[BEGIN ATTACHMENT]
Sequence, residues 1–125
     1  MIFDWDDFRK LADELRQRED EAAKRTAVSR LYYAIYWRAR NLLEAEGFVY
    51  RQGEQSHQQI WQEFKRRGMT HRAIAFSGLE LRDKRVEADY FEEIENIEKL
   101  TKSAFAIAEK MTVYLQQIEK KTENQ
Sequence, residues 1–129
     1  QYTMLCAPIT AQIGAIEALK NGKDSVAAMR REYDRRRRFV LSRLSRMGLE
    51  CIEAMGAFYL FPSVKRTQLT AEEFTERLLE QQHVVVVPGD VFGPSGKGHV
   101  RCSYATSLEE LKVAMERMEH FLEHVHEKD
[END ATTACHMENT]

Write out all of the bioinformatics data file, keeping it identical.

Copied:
Sequence, residues 1–125
     1  MIFDWDDFRK LADELRQRED EAAKRTAVSR LYYAIYWRAR NLLEAEGFVY
    51  RQGEQSHQQI WQEFKRRGMT HRAIAFSGLE LRDKRVEADY FEEIENIEKL
   101  TKSAFAIAEK MTVYLQQIEK KTENQ
Sequence, residues 1–129
     1  QYTMLCAPIT AQIGAIEALK NGKDSVAAMR REYDRRRRFV LSRLSRMGLE
    51  CIEAMGAFYL FPSVKRTQLT AEEFTERLLE QQHVVVVPGD VFGPSGKGHV
   101  RCSYATSLEE LKVAMERMEH FLEHVHEKD